|Multi-Way Conventional loudspeakers with crossovers|
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|6th May 2006, 04:08 AM||#1|
Join Date: Mar 2006
Hooking up my ghetto sub to my receiver
An easy one, if slightly off topic.
My last system was a *horrible* trash in a box system. It had a sub... with just speaker level inputs.
Okay, now I have a sony 6.1 receiver, str-de598 (maybe still a bit crappy, but trust me... way better ). I want to hook up my sub.
The question is: what's the best (free'ish) way to hook up my sub?
One theory came to me today: the receiver has a 2nd set up speaker outputs for (speaker set "b"), I can just hook the sub up there. However:
a) its a bit quiet
b) its not crossover, so its trying to play all kinds of mids
Now b) sounds like a fun first xover project. not sure how to deal with a), but I have one theory/question. Can I hook up BOTH left and right outputs to the single sub? I was nervous about shorting something out. Would this boost volume at all?
For that matter, if I add a crossover... would that "boost" the low end since its not wasting energy on mids... or is life not quite that simple?
Anyway, thanks for any input.
|6th May 2006, 07:42 PM||#3|
Join Date: Jan 2005
Location: San Diego, CA
There are a few options you can consider. The least expensive is to get a pre-made passive sub crossover from PartsExpress, or look for them on eBay or other internet electronics retailers. You want to find the type (Cerwin Vega is the kind I have) that has stereo speaker-level inputs for the sub and outputs for your satellite speakers. You just run your two front channels to the sub - the crossover divides the frequencies, usually at around 120hz, sending below that to the sub and above that to your satellites.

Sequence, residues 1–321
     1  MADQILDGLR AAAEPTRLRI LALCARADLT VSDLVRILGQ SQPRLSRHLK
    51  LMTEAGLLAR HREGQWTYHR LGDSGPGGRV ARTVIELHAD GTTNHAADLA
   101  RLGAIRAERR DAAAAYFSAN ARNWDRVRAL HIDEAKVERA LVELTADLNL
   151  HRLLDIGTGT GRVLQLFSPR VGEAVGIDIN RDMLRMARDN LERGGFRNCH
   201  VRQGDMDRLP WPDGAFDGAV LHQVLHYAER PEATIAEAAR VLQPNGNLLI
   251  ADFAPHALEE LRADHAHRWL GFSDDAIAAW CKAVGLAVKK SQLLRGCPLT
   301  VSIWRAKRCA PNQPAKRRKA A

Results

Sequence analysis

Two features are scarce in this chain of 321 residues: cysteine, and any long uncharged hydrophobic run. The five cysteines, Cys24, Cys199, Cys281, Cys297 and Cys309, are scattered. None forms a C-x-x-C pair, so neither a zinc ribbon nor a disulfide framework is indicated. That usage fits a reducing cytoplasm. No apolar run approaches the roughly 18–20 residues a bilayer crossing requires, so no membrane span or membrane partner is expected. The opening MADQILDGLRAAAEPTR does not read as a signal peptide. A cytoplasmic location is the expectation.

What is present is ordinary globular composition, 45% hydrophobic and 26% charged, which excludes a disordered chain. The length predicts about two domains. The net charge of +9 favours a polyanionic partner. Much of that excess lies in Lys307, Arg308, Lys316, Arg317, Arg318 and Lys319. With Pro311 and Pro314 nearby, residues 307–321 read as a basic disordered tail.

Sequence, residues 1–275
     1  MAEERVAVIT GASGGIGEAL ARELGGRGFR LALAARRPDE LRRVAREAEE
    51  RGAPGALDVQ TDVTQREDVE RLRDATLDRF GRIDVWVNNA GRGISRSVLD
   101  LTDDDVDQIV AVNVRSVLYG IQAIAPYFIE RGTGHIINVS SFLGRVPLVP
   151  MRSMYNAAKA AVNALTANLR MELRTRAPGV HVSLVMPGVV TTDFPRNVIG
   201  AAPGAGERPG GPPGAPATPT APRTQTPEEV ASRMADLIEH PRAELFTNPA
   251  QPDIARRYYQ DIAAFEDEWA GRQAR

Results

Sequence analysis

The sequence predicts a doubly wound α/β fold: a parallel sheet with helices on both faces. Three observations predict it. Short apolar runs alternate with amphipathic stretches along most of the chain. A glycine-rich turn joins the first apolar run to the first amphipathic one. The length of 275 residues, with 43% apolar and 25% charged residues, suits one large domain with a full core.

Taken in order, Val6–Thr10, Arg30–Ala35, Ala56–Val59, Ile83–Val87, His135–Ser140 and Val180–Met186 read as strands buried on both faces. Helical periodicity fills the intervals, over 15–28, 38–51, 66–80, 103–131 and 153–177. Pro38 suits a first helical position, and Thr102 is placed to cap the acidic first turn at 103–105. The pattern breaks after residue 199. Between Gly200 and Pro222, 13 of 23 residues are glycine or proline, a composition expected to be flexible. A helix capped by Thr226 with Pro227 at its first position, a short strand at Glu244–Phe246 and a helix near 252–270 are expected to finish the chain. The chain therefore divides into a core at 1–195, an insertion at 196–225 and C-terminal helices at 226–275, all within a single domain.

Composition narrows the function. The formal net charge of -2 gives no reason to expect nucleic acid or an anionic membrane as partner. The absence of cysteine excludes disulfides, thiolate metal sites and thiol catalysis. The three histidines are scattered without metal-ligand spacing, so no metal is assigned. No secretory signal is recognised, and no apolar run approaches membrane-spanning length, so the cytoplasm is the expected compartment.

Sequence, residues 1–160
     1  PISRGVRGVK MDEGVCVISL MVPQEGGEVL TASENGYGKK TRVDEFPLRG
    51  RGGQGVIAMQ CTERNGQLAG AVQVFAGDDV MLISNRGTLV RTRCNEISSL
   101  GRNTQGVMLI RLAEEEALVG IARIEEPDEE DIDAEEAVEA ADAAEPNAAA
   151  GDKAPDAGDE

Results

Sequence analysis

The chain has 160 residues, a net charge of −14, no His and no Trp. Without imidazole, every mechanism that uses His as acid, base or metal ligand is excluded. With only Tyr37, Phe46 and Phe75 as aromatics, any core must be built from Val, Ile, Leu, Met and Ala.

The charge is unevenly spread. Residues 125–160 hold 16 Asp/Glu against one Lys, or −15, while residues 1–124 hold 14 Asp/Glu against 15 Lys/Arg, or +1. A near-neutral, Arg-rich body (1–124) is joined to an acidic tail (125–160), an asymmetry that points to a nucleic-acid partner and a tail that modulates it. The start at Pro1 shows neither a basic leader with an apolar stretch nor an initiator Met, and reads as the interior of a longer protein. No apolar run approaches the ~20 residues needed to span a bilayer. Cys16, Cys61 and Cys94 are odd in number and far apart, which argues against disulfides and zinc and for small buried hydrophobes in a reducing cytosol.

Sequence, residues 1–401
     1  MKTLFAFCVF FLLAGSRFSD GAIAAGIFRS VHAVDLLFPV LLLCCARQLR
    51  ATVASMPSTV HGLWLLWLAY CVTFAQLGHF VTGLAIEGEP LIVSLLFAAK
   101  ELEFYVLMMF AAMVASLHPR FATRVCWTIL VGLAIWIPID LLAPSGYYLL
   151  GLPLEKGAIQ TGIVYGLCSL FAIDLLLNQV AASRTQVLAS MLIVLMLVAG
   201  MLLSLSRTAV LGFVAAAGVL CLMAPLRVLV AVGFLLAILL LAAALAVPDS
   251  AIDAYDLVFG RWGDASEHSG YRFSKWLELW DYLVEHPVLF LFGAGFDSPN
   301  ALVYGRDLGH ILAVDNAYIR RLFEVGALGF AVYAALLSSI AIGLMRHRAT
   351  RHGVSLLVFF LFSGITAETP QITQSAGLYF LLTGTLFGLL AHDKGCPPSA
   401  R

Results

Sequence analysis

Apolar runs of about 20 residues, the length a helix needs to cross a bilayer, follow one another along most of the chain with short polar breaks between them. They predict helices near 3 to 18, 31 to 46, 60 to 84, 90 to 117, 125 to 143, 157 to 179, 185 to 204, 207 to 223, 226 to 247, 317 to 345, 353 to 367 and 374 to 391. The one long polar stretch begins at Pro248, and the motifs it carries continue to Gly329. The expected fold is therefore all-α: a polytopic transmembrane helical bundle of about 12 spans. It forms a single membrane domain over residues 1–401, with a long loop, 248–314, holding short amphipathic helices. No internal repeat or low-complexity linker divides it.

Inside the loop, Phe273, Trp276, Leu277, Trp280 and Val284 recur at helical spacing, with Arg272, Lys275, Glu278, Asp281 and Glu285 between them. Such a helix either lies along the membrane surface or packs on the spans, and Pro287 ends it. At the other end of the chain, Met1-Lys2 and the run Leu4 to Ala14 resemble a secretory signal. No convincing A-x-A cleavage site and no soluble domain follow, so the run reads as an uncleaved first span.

If you want to use the "B" speaker outputs for the sub only, just run those wires to the sub inputs, while keeping the satellites hooked up to the "A" channels. I don't know if this second option will give you higher output - it depends on the amplification circuitry in your receiver - so just try both and see if you can tell any difference.
Now, you can also try to use the B outputs for the sub and bridge the right and left channels - say, right positive/left negative - this MAY give you more juice to the sub - BUT - your receiver may not be designed for this and I'm told this can damage the amp. So it's possible this could be risky - I would consult the manufacturer first - at the very least it may void the warranty. So this should only be a last option.
If you want to spend a little more money then a dedicated sub amp would be in order. Hope this helps!
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